In recent years, HIV cure research has expanded from efforts to eradicate or suppress HIV through the early use of antiretroviral therapy (ART) to include research on the use of immune-boosting strategies, some based on cancer treatment models, that could suppress viral replication to the point at which an HIV-infected person could discontinue ART and remain healthy. Currently, treatment for HIV requires life-long adherence to ART and can cause serious side effects.
Despite extraordinary efforts, access to HIV therapy today is far from universal. Just under half of the 36.7 million people living with HIV worldwide today (46% of adults and 49% of children) receive treatment. Long-term HIV remission is an important goal not only for the individuals who face a lifetime of treatment, but also for health systems confronting the challenge of providing HIV testing, treatment and retention services to millions of people in need with diminishing resources.
The IAS HIV Cure & Cancer Forum will be held at the Institut Curie and will include abstract-driven sessions, a poster exhibition and a roundtable discussion on the latest scientific advances in HIV cure research. There will be opportunities for dialogue among scientists, clinical researchers, funders and the community involved in HIV research worldwide.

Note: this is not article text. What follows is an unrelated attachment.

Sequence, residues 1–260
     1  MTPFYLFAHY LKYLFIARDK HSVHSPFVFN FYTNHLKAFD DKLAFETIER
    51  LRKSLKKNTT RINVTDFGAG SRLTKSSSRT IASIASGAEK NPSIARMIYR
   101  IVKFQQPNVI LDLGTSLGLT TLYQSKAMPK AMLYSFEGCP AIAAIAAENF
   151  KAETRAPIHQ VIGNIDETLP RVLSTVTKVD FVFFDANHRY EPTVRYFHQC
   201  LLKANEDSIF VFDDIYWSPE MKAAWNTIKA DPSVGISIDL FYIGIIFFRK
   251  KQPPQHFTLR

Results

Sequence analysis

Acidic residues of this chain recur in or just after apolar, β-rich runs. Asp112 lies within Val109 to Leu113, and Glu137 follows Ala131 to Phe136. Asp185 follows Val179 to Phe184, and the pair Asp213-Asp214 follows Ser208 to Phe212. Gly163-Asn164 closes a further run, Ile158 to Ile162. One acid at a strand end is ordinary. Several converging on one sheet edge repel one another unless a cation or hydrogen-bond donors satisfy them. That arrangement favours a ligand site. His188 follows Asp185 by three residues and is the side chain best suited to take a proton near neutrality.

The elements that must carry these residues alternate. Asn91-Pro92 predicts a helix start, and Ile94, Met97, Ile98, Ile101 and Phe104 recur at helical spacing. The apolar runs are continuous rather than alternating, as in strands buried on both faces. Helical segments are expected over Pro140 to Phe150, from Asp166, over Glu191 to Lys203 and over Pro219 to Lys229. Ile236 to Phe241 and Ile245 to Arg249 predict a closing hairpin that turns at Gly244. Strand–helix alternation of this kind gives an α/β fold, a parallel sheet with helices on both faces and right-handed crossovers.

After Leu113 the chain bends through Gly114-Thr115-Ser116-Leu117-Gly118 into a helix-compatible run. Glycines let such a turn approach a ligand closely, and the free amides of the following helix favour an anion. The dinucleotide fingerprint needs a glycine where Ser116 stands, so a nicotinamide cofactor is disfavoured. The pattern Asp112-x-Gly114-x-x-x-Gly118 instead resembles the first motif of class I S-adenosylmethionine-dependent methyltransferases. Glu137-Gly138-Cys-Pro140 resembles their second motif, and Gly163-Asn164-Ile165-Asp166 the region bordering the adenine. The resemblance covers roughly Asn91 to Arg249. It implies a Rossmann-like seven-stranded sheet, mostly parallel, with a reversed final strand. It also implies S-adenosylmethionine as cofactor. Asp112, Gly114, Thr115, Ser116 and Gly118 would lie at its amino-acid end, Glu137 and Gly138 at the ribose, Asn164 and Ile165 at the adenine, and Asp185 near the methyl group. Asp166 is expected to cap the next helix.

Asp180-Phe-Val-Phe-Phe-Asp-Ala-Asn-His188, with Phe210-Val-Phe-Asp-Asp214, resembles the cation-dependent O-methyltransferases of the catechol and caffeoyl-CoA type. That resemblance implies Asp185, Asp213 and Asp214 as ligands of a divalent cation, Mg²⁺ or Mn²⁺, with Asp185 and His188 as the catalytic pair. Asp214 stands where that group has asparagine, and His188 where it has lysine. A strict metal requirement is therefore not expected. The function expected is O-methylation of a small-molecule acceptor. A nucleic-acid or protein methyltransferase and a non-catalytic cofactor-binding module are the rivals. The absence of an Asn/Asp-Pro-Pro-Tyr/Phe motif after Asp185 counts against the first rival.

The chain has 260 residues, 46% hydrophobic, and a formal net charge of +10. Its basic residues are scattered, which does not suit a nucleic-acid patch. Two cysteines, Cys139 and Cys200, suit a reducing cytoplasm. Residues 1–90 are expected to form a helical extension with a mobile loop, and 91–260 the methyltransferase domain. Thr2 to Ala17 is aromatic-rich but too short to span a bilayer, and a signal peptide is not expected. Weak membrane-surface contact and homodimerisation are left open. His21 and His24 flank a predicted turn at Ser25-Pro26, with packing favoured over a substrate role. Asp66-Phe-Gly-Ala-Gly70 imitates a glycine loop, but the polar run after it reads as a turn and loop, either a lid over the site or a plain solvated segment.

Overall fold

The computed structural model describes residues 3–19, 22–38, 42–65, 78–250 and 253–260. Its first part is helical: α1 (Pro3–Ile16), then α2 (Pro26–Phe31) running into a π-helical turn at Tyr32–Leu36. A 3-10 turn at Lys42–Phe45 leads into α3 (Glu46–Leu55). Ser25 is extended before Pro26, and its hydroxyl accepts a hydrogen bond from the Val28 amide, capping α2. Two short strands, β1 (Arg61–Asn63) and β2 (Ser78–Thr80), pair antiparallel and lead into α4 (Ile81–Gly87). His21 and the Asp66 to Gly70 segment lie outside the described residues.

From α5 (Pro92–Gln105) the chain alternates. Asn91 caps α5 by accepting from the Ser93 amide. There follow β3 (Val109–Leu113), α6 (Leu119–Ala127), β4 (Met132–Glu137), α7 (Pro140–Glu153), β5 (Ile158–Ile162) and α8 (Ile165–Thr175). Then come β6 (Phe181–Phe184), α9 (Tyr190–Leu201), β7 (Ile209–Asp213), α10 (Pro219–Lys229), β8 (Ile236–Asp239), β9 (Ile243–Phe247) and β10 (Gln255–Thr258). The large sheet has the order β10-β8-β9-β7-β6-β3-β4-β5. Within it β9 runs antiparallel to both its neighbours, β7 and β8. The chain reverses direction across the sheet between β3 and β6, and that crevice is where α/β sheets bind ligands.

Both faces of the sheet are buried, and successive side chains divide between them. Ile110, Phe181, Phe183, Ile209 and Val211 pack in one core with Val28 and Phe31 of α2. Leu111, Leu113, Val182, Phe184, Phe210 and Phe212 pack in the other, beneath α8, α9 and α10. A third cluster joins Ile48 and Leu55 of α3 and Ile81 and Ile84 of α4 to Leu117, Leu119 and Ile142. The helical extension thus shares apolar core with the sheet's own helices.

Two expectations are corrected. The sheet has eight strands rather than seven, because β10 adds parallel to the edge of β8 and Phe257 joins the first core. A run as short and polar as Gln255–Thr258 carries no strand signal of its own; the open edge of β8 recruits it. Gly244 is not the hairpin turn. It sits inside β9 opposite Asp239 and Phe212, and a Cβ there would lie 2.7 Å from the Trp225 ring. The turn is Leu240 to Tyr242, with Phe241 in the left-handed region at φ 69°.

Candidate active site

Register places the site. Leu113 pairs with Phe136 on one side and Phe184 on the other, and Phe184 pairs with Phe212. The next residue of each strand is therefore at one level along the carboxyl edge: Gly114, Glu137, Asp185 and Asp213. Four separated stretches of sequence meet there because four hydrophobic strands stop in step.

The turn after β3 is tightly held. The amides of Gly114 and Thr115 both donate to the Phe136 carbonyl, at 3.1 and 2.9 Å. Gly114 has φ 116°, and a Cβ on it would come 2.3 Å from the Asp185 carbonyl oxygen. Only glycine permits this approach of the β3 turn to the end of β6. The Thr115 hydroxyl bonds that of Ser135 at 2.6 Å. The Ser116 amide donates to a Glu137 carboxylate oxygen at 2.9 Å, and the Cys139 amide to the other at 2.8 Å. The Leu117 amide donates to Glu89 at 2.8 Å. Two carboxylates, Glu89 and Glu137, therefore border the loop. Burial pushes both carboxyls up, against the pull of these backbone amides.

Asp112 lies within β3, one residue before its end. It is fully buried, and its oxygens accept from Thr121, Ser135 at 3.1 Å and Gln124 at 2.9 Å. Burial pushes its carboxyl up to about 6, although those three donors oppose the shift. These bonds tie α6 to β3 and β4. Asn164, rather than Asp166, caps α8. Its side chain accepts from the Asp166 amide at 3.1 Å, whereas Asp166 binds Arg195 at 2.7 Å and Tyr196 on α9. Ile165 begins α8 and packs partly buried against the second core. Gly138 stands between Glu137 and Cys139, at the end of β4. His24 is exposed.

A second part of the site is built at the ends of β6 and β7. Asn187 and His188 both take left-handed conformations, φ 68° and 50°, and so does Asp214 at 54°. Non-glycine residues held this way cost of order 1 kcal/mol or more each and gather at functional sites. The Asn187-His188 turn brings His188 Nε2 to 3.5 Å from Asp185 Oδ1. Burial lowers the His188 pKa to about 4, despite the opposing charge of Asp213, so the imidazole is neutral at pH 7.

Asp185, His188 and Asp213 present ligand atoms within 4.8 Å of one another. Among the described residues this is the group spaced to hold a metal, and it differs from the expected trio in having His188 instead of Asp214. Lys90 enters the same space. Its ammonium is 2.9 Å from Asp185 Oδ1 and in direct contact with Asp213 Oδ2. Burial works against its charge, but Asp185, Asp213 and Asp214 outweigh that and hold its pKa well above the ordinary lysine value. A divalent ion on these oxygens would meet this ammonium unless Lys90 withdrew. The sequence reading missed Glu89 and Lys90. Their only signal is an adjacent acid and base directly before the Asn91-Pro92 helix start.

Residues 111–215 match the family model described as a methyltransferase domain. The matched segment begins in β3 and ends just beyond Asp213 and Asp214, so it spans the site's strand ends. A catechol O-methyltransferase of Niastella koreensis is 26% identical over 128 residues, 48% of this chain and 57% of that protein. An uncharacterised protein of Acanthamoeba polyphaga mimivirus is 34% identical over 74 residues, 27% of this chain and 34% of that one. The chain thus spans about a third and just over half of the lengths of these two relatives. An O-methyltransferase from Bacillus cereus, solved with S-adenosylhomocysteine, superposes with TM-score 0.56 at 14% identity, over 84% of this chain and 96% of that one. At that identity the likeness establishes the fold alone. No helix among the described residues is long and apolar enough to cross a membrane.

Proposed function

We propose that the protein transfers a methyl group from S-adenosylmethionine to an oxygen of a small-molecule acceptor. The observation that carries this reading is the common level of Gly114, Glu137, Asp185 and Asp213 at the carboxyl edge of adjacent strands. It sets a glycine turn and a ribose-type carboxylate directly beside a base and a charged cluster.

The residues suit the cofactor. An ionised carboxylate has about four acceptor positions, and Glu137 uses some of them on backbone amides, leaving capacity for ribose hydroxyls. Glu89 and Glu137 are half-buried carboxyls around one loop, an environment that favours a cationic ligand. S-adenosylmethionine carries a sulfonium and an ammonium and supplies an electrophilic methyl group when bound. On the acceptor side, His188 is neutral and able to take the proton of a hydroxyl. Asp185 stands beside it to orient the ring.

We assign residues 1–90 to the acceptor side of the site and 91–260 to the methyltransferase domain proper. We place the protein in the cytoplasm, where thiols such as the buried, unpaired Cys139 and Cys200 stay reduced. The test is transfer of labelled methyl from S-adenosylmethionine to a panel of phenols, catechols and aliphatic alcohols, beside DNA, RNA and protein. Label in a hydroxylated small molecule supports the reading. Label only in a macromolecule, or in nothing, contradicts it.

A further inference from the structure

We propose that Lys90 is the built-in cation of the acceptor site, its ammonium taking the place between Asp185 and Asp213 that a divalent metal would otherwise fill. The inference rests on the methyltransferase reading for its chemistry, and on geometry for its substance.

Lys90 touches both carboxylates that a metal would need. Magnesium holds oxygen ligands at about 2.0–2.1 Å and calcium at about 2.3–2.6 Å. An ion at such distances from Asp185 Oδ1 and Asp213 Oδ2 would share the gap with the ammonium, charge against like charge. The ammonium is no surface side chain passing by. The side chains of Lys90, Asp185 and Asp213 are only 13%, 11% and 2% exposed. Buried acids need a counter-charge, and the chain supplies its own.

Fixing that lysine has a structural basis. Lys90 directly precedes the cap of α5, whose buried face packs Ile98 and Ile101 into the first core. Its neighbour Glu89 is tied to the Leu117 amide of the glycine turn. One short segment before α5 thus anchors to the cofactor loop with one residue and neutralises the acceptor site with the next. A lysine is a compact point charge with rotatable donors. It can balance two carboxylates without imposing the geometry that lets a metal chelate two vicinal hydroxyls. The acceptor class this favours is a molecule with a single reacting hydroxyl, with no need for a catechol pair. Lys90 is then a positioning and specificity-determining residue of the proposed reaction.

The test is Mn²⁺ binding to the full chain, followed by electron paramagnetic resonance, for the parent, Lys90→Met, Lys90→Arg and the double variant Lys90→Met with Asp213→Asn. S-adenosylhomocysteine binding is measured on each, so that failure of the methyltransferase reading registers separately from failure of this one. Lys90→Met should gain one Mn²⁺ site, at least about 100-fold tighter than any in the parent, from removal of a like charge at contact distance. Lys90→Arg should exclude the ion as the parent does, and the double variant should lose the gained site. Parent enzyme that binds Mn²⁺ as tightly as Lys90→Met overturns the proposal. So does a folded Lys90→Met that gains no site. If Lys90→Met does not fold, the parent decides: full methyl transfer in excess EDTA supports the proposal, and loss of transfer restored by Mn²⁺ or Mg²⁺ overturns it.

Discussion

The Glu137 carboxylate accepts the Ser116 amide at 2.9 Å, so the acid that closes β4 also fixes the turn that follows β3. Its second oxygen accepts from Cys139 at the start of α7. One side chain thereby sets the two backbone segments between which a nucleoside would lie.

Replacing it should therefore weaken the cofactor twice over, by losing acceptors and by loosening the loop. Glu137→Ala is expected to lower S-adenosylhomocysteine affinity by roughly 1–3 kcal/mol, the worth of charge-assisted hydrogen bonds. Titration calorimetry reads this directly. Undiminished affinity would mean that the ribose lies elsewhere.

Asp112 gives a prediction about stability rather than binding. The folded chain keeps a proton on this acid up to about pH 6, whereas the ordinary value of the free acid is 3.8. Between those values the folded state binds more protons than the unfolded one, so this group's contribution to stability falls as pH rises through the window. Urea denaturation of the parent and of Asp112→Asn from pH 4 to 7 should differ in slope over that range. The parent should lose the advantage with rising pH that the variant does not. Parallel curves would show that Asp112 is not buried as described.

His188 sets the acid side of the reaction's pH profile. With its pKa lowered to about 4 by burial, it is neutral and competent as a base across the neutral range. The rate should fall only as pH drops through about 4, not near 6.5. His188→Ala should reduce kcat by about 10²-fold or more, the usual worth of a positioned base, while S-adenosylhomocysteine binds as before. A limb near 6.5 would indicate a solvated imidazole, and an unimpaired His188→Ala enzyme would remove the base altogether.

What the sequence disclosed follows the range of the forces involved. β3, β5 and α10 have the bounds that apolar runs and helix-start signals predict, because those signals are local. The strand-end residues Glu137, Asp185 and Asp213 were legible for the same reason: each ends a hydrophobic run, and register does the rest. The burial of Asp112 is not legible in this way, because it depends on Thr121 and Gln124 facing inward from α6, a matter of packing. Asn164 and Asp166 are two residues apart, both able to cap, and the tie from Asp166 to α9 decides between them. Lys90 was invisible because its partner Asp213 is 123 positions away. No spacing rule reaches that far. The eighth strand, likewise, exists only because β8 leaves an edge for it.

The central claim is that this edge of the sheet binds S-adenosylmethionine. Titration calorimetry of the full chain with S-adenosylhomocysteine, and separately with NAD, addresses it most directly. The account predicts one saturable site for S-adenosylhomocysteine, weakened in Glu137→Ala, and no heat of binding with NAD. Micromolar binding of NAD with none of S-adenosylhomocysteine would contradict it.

Among the forum highlights are:
More detail about the IAS Cure & Cancer Forum’s programme can be found here.
Resources for HIV cure research rise, but cuts may threaten progress
Global investments in HIV cure funding grew last year to a record $268 million, a new analysis by the IAS HIV Cure resource tracking group and AVAC shows. Not all funders increased their commitment to HIV cure research, however. Some invested less in HIV cure research this year than in the past.
In addition, the overall global commitment to HIV cure research is heavily dependent on contributions from the largest global funder of AIDS research, the US National Institutes of Health (NIH). Proposed budget cuts at the NIH, however, may threaten progress towards an HIV cure, just as studies are pointing toward ever-more promising approaches to achieving HIV remission.
“Ensuring adequate, ongoing funding for HIV cure research is essential to realizing the potential of sustained HIV remission, improving patient lives and saving healthcare resources as HIV caseloads grow,” AVAC Executive Director Mitchell Warren said. “As research at the IAS HIV Cure & Cancer Forum demonstrates, investigations into HIV cure strategies are also advancing research and enhancing lives for people with other serious diseases. HIV cure research is now an essential part of global public health strategies that should be protected and enhanced in future funding cycles.”